The Eureka closed out the last night of SF Sketchfest with improv featuring “Key and Peele” writers Colton Dunn, Phil August Jackson, Charlie Sanders, Rich Talarico and special guest Ian Roberts. The show kicked off with sketch comedy from Wendigo from Magnet Theater in NYC. Wendigo blended multimedia into their sketch comedy, with music and video clips bookending sketches parodying “The Bachelor” and imagining what an actual friend zone could look like.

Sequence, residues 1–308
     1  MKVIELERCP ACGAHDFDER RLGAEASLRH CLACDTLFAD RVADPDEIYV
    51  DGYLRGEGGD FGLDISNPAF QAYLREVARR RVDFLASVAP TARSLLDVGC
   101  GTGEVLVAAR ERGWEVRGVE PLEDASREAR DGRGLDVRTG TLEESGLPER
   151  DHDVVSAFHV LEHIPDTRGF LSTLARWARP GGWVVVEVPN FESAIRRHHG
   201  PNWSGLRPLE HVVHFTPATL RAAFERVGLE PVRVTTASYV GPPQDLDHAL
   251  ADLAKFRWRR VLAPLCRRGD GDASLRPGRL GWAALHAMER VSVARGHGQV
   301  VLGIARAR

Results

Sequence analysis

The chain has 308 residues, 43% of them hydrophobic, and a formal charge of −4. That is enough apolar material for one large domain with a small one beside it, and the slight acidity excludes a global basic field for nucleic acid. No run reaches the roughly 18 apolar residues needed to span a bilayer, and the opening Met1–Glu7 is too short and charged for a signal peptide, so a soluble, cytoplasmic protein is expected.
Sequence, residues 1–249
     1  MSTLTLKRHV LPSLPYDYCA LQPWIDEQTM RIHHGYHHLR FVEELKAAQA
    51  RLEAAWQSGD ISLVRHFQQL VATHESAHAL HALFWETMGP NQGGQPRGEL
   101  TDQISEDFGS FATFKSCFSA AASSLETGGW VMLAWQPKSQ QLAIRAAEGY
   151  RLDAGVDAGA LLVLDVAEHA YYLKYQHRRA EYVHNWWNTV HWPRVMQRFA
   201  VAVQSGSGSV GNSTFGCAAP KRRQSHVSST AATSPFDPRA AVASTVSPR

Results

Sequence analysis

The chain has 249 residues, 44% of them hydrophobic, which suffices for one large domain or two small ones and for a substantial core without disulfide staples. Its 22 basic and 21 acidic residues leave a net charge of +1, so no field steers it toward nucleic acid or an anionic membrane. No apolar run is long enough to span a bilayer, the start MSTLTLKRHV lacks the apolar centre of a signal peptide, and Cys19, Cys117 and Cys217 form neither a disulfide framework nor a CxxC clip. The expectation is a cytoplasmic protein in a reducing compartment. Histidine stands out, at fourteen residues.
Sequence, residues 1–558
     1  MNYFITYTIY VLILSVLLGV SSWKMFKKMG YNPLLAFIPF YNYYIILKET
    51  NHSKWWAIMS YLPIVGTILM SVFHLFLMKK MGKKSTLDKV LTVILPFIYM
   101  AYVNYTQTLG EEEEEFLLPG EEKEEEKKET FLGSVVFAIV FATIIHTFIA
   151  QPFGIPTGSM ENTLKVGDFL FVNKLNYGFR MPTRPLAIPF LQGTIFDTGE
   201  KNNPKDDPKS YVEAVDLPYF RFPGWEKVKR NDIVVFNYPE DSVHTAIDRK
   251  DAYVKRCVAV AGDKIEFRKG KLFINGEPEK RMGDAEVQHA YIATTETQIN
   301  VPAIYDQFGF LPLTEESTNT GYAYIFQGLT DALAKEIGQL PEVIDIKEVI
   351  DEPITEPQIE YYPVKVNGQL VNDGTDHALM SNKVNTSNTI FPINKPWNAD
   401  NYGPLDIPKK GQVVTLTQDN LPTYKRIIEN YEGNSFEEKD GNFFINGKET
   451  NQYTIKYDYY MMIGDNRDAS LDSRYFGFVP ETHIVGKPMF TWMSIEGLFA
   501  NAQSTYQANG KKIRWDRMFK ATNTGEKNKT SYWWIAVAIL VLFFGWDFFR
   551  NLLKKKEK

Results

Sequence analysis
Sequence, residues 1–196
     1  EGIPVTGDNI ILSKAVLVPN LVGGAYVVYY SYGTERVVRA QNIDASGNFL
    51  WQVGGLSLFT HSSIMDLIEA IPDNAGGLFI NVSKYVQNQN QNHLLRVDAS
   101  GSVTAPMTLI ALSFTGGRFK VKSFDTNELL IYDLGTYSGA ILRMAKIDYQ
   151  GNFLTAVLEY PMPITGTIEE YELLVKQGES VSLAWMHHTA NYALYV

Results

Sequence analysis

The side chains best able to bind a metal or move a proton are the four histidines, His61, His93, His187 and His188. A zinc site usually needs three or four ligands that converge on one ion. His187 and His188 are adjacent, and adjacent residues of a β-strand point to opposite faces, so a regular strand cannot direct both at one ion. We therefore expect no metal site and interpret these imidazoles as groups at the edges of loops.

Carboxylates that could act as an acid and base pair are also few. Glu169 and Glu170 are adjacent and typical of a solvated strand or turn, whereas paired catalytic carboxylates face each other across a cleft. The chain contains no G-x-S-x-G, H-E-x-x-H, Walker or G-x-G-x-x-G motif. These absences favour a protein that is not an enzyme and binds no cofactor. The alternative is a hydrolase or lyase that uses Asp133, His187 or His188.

The Key and Peele writing team dove right in, asking for suggestions from the audience and picking some perfect ones from this local San Francisco crowd – “LSD” and “bike safety.” The improv scenes showed the writers’ versatility, moving between physical comedy and dry humor while playing a huge variety of offbeat characters. Audience favorites included an extended scene about a horrible TV show called “Saboteur” running six seasons (but no movie) and ruining one network completely. Dunn delivered the very meta punchline that the whole show was meant as a sabotage from a rival network. Other scenes parodied everything from Supreme Court Justices to picky eaters ordering at a deli to, of all things, fans of water-skiing. The writers had a blast playing off the crowd in a show that was fast-paced, witty, and hilarious!